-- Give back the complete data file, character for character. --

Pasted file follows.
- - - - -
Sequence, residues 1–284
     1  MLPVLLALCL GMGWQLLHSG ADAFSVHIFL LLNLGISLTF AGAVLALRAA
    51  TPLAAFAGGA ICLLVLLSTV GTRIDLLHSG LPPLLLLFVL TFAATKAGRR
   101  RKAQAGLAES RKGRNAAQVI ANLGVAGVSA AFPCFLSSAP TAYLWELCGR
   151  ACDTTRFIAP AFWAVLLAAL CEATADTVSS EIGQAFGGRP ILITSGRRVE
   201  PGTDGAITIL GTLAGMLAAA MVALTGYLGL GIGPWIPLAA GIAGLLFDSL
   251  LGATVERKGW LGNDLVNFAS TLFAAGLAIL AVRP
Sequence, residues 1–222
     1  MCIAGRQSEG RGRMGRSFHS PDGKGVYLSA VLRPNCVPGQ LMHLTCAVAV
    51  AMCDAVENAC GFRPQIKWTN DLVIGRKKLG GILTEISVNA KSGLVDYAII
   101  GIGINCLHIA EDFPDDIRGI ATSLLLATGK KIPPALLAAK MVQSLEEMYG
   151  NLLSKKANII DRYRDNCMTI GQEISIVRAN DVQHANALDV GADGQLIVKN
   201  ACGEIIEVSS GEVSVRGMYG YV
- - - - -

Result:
Sequence, residues 1–284
     1  MLPVLLALCL GMGWQLLHSG ADAFSVHIFL LLNLGISLTF AGAVLALRAA
    51  TPLAAFAGGA ICLLVLLSTV GTRIDLLHSG LPPLLLLFVL TFAATKAGRR
   101  RKAQAGLAES RKGRNAAQVI ANLGVAGVSA AFPCFLSSAP TAYLWELCGR
   151  ACDTTRFIAP AFWAVLLAAL CEATADTVSS EIGQAFGGRP ILITSGRRVE
   201  PGTDGAITIL GTLAGMLAAA MVALTGYLGL GIGPWIPLAA GIAGLLFDSL
   251  LGATVERKGW LGNDLVNFAS TLFAAGLAIL AVRP
Sequence, residues 1–222
     1  MCIAGRQSEG RGRMGRSFHS PDGKGVYLSA VLRPNCVPGQ LMHLTCAVAV
    51  AMCDAVENAC GFRPQIKWTN DLVIGRKKLG GILTEISVNA KSGLVDYAII
   101  GIGINCLHIA EDFPDDIRGI ATSLLLATGK KIPPALLAAK MVQSLEEMYG
   151  NLLSKKANII DRYRDNCMTI GQEISIVRAN DVQHANALDV GADGQLIVKN
   201  ACGEIIEVSS GEVSVRGMYG YV